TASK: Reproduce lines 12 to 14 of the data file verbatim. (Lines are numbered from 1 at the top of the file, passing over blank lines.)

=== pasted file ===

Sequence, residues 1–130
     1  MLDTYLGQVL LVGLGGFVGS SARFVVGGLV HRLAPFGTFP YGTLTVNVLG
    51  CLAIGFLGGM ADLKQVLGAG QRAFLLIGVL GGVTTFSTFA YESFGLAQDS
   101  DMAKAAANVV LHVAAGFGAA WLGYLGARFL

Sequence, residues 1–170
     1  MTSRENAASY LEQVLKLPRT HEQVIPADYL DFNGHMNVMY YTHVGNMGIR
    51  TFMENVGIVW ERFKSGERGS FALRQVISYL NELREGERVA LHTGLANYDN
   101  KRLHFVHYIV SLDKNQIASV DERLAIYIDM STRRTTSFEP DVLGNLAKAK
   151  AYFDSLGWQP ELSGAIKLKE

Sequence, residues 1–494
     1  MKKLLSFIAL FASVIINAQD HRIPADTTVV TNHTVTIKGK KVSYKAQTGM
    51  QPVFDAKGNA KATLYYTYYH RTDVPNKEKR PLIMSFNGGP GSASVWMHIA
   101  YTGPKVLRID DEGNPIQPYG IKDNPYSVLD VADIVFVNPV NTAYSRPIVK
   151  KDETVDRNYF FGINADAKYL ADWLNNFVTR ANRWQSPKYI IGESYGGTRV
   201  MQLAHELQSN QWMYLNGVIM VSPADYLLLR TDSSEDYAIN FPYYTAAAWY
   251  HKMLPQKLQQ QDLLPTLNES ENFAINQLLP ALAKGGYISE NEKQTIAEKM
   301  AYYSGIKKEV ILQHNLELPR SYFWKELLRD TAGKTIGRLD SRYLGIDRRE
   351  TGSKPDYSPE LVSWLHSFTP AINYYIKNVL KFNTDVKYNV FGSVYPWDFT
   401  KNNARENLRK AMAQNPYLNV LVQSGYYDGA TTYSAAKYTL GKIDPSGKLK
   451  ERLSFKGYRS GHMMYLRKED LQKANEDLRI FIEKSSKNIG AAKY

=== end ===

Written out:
    51  QPVFDAKGNA KATLYYTYYH RTDVPNKEKR PLIMSFNGGP GSASVWMHIA
   101  YTGPKVLRID DEGNPIQPYG IKDNPYSVLD VADIVFVNPV NTAYSRPIVK
   151  KDETVDRNYF FGINADAKYL ADWLNNFVTR ANRWQSPKYI IGESYGGTRV